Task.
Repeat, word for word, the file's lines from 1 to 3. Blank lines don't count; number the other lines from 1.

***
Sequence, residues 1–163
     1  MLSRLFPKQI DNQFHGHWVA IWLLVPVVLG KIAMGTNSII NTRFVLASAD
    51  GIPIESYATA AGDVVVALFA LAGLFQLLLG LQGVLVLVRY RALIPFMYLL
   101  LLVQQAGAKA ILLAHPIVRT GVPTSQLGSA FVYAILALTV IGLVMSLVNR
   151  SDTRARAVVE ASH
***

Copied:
Sequence, residues 1–163
     1  MLSRLFPKQI DNQFHGHWVA IWLLVPVVLG KIAMGTNSII NTRFVLASAD
    51  GIPIESYATA AGDVVVALFA LAGLFQLLLG LQGVLVLVRY RALIPFMYLL